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Art Exhibition – Tangible Fractures


Tue 21 Aug 2018, 11:00am–5:00pm
Wed 22 Aug 2018, 11:00am–5:00pm
Thu 23 Aug 2018, 11:00am–5:00pm
Fri 24 Aug 2018, 11:00am–5:00pm
Sat 25 Aug 2018, 11:00am–5:00pm

Where: Bridget Kennedy Project Space, 53 Ridge St, North Sydney, New South Wales

Restrictions: All Ages

Ticket Information:

  • Admission: Free


Listed by: projectspace

Tangible Fractures - Jenny Du, Merena Nguyen, India Scard

Celebratory Drinks: 9 August, 6–8pm

Free Workshop – Frankenpin, 11th August 2018, 2–3pm

Push your creative comfort zone with Jenny, Merena and India as they take you on a journey of controlled destruction. Create your very own frankenstein brooch out of pre-loved objects the artists have collected from their surroundings. Spaces limited, book at

Tangible Fractures is an exhibition that attempts to capture the relationship between the physical and psychological self through a collection of experimental works in painting, collage, wearable and non-wearable objects. Jenny Du, Merena Nguyen and India Scard have come together to explore facets of their own lived experiences in this multidisciplinary exhibition.

Smooth surfaces disrupted by slight marks, dimples and undulations, ever-changing with each touch and shift in light. In this new body of work, Jenny attempts to capture a feeling of silence and stillness through a series of talismanic objects made to be worn and held in times of chaos. Jenny will be challenging herself to a new way of creating, focusing on meaningful mark making while attempting to reach a state oneness between herself and the objects.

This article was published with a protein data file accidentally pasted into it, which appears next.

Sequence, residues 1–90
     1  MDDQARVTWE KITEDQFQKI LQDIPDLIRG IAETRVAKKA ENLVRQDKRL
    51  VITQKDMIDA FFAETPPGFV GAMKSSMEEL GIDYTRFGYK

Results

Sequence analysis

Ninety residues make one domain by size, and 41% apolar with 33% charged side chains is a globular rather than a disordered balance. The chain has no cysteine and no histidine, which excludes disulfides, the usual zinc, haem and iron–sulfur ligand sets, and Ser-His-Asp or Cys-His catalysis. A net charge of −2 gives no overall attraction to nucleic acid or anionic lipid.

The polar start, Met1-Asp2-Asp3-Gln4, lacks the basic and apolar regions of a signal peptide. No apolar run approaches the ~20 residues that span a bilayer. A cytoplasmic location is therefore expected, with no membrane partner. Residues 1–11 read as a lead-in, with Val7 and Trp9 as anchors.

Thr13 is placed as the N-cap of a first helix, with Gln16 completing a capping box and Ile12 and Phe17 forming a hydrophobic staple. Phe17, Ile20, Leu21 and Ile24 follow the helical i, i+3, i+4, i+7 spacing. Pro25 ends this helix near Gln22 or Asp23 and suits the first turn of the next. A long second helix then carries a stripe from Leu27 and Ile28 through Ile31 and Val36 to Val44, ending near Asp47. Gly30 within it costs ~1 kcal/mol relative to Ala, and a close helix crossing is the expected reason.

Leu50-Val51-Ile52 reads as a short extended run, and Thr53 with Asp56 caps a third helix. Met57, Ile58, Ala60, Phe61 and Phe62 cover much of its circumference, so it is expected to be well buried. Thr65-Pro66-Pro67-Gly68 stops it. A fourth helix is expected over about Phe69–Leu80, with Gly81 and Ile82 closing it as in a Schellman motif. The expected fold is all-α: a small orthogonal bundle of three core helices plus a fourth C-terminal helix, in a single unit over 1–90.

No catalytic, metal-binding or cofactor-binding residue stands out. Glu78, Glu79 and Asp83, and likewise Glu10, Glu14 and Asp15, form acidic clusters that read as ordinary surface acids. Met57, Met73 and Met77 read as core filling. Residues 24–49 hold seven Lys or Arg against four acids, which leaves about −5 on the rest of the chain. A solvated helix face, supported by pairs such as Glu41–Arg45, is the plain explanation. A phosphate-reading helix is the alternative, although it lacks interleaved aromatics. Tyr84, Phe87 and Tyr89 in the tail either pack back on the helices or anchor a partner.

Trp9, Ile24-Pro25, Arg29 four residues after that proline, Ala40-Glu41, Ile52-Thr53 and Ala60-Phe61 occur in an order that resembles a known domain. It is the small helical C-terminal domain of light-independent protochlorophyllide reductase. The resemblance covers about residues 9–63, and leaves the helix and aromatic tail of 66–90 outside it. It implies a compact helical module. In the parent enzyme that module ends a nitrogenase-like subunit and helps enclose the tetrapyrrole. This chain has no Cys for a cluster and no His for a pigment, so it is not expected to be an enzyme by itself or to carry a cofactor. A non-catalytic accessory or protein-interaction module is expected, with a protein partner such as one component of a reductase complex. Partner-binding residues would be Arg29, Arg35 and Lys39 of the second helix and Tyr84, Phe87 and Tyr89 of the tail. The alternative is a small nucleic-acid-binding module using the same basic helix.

Merena’s work is a series of experimentations and processes of dismemberment. She explores the elusive nature of the body and attempts to transform the figure in a disjointed manner. By recontextualising the familiar limb into the unfamiliar, the works are intended to question what could be the real or the surreal. Using craft practices, the range of digital and sculptural works focuses on the physical act of deconstructing. Simultaneously, the concept of reconstructing objects and the figure suggests ephemerality both in the everchanging body and the image of the self. She invites the spectator to be playful, to touch and to experiment (literally and mentally) with the body of work.

India explores themes of mortality and people relationships with space and time, in particular, the ephemeral nature of humans. The figures she depicts are contrasted against voids, concealing and revealing aspects of the image. India attempts to capture a moment in time, highlighting the void that represents time before, and ultimately after, humankind. The works hope to capture a moment that is fleeting, as we humans are mortal beings, we embody ephemerality. This is just merely a moment in time. All we are, are objects in space.